27
Sep

Euro Zone Death Trip

Written on September 27, 2011 by Ángeles Figueroa-Alcorta in Europe, Globalization & International Trade, Political Economy

By Paul Krugman

Is it possible to be both terrified and bored? That’s how I feel about the negotiations now under way over how to respond to Europe’s economic crisis, and I suspect other observers share the sentiment.

On one side, Europe’s situation is really, really scary: with countries that account for a third of the euro area’s economy now under speculative attack, the single currency’s very existence is being threatened — and a euro collapse could inflict vast damage on the world.

On the other side, European policy makers seem set to deliver more of the same. They’ll probably find a way to provide more credit to countries in trouble, which may or may not stave off imminent disaster. But they don’t seem at all ready to acknowledge a crucial fact — namely, that without more expansionary fiscal and monetary policies in Europe’s stronger economies, all of their rescue attempts will fail.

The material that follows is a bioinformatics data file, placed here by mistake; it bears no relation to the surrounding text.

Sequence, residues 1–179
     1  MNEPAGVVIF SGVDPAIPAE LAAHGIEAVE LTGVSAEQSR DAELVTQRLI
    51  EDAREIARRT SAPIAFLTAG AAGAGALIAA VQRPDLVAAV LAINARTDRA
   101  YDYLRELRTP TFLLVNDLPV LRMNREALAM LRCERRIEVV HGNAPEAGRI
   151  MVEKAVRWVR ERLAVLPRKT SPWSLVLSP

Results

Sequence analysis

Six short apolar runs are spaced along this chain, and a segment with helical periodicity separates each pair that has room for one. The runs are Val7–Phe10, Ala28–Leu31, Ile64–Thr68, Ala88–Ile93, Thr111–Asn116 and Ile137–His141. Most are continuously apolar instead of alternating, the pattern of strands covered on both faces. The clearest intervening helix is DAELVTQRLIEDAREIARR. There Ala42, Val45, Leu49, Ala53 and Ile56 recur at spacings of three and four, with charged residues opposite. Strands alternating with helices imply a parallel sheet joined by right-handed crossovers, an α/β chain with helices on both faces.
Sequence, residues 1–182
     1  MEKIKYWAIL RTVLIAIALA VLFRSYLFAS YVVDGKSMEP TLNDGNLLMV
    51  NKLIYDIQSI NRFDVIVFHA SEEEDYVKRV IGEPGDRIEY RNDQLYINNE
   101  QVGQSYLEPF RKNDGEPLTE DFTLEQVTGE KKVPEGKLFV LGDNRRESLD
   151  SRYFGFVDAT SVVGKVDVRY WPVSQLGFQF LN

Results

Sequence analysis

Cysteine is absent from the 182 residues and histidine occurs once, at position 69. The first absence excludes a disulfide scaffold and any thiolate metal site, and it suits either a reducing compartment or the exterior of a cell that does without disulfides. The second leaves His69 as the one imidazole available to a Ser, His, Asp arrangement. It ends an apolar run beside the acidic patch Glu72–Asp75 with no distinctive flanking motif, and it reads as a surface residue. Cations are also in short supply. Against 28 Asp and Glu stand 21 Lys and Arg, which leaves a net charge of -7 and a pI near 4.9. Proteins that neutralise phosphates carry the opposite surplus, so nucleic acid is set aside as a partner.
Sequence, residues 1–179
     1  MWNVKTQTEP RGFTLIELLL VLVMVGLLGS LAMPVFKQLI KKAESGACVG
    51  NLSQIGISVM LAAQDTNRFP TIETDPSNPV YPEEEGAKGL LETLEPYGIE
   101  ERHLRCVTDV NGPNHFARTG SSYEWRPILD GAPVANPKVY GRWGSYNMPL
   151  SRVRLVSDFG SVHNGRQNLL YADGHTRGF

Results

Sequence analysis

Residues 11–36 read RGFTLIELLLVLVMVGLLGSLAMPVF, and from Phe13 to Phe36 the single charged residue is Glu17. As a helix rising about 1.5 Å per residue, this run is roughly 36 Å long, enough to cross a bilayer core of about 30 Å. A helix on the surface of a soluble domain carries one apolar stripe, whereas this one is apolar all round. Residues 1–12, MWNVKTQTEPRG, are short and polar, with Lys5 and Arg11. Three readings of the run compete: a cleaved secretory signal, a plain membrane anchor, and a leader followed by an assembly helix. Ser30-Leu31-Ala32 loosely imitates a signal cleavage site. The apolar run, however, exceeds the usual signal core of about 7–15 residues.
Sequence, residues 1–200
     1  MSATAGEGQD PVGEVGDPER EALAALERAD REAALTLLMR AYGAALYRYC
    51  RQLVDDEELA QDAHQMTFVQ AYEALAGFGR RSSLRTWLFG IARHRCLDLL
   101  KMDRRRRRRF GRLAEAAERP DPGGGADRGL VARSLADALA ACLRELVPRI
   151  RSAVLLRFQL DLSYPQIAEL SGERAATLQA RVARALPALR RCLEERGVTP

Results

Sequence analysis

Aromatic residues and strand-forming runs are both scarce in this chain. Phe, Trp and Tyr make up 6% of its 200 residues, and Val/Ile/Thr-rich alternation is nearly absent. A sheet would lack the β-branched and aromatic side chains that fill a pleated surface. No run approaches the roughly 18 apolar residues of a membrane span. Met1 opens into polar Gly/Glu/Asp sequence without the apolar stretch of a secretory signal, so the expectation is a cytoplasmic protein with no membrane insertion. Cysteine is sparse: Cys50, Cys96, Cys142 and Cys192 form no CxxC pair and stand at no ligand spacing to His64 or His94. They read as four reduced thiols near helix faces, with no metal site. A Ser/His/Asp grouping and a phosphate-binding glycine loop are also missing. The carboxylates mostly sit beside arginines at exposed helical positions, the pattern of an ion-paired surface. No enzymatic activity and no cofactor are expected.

The story so far: The introduction of the euro in 1999 led to a vast boom in lending to Europe’s peripheral economies, because investors believed (wrongly) that the shared currency made Greek or Spanish debt just as safe as German debt. Contrary to what you often hear, this lending boom wasn’t mostly financing profligate government spending — Spain and Ireland actually ran budget surpluses on the eve of the crisis, and had low levels of debt. Instead, the inflows of money mainly fueled huge booms in private spending, especially on housing.

But when the lending boom abruptly ended, the result was both an economic and a fiscal crisis. Savage recessions drove down tax receipts, pushing budgets deep into the red; meanwhile, the cost of bank bailouts led to a sudden increase in public debt. And one result was a collapse of investor confidence in the peripheral nations’ bonds.

So now what? Europe’s answer has been to demand harsh fiscal austerity, especially sharp cuts in public spending, from troubled debtors, meanwhile providing stopgap financing until private-investor confidence returns. Can this strategy work? Read more…

As published in www.nytimes.com on September 25, 2011 (a version of this op-ed appeared in print on September 26, 2011, on page A29 of the New York edition with the headline: Euro Zone Death Trip).

Comments

Kvik Lån March 17, 2013 - 8:31 am

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